BLUE RIDGE, Ga – Fannin County Fire Department (FCFD), the cities, and the water authority developed an effective plan to fix current and future out of service hydrants.
In the July 8 meeting, Fire Chief Larry Thomas led representatives from Blue Ridge, McCaysville, Morganton, and Fannin County Water Authority to fix the hydrant issue before the next ISO evaluation.
“The fire department always had a very good working rapport with all the cities,” said Thomas. “We’re all in this together. Everybody in this room needs to pull together as one team.”
Currently, an estimated 36 fire hydrants are out of service within Fannin County, but the city of Blue Ridge repaired three more.
FCFD created a spreadsheet that listed and located every hydrant within the county. The new directory also identified who’s responsible for each fireplug. Previously, FCFD listed each hydrant by address. The fire department cross-referenced the fireplug addresses with the incident to find the closest one available.
The city of Blue Ridge has approximately 490 hydrants in its geographic information system (GIS) system and are working on physically numbering each one. The fire plugs in Blue Ridge will also be marked with a “B”, so FCFD can identify who’s responsible for the hydrant’s maintenance.
As far as bush hogs potentially damaging hydrants, they proposed added a 12×12 inch square on the inside of the fog line on county roads. Hopefully, it would increase hydrant visibility.
Currently, Blue Ridge has seven hydrants out of service, but repairs should be complete by the end of the month.
A dripping hydrant shouldn’t affect the county’s ISO rating unless it disrupts the flow.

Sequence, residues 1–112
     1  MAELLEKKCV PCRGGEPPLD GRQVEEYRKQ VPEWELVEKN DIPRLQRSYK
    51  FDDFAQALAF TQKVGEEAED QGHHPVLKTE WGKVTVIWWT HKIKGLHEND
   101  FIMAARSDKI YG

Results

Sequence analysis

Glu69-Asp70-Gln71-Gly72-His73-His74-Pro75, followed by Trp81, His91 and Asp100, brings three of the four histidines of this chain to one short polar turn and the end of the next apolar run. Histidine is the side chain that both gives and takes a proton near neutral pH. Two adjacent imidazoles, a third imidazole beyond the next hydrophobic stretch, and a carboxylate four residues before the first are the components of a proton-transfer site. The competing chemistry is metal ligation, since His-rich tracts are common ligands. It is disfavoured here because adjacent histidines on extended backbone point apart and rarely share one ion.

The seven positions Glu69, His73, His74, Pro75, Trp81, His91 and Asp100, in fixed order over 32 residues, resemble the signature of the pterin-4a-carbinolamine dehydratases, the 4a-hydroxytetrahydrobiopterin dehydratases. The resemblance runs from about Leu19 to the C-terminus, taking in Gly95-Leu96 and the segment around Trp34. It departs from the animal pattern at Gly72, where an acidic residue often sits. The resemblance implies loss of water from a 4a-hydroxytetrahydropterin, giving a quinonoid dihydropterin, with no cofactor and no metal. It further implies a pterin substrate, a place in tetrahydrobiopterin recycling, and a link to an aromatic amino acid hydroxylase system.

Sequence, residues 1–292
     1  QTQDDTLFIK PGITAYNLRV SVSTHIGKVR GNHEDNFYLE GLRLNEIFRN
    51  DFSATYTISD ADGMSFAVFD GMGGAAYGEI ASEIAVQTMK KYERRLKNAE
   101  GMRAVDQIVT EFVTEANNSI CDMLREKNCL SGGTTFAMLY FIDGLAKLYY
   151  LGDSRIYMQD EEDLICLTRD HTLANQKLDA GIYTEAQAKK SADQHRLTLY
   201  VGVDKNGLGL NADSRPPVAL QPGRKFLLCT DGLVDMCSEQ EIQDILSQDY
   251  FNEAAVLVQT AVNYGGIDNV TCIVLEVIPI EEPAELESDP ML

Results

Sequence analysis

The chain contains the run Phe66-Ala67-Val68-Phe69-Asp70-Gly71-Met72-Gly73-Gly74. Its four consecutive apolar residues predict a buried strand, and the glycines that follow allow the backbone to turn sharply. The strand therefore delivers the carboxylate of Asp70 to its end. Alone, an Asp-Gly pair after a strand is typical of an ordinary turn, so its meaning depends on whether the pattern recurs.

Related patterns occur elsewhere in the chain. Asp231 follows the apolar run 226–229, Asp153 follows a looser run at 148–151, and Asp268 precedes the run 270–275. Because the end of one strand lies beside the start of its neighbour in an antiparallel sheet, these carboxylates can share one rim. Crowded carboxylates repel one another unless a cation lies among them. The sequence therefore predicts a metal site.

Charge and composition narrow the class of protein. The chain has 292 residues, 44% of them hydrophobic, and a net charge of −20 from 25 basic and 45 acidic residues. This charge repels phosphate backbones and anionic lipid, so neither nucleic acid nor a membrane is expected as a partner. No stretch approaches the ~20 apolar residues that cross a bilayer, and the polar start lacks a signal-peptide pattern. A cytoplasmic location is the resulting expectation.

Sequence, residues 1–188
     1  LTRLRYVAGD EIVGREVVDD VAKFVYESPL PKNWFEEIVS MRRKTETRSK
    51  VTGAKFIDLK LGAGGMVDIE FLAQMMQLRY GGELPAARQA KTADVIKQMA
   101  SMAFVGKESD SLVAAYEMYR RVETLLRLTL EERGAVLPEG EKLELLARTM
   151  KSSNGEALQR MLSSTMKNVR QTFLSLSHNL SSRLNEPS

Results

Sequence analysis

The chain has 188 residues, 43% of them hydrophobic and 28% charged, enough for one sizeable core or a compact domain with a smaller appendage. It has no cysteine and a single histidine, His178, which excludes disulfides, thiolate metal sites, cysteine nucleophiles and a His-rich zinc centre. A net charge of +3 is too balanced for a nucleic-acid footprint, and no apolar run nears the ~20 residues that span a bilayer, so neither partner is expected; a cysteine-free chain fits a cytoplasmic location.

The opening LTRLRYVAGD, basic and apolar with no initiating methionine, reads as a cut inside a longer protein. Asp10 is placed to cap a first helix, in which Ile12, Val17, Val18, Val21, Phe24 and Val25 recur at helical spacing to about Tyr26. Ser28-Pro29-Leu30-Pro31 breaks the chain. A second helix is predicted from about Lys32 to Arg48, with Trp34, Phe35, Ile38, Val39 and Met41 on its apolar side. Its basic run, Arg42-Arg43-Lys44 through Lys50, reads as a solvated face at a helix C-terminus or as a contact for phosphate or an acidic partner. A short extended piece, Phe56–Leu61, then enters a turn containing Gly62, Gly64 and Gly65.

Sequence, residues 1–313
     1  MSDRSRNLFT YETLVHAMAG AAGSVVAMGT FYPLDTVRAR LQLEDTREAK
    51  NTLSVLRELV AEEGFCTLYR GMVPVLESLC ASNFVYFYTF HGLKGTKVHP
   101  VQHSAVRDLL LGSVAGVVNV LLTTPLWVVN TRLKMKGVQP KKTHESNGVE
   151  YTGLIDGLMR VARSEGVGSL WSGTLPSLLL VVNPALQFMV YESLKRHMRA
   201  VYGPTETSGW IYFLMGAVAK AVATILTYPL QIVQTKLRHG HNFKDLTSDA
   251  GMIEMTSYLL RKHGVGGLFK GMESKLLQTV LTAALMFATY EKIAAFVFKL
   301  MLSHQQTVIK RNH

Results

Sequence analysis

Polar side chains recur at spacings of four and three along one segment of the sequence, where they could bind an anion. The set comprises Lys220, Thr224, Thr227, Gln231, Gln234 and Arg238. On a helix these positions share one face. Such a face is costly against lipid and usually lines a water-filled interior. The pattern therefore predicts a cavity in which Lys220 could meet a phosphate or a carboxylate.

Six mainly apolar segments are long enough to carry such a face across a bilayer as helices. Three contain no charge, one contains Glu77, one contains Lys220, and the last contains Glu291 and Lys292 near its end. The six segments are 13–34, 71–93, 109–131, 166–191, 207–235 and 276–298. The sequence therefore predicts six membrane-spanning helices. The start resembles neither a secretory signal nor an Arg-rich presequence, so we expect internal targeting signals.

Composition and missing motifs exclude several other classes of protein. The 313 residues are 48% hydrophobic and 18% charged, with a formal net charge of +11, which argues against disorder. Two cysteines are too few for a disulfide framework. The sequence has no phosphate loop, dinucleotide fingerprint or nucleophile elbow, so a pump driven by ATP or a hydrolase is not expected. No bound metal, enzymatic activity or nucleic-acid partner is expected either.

“Some of these hydrants are going to drip. They’re older than I am,” explained Thomas.
The three crews of two full-time firefighters inspecting hydrants will include any impairment that affects performance. Cities or water authority wouldn’t immediately know about the damage because fire plugs break away from the main water line if impaired.
Thomas asked if the water authority or cities add hydrants to inform the FCFD immediately.
Blue Ridge’s Utility Director Rebecca Harkins and Thomas planned to create a work order for FCFD, cities, and the water authority to report out of service hydrants.
The group also addressed flow tests, which measure the static pressure when two hydrants can flow at maximum speed. However, once a flow test begins, it must flow it until it clears. After the initial flow test, once a year, it should be checked, and the city is responsible for any maintenance.
Blue Ridge Mayor Donna Whitener requested if the city could know about flow tests in advance so businesses could be informed well in advance. She also asked if the tests could take place outside of the lunch or dinner times.
Another meeting will take place either in August or September to ensure all hydrants are in service.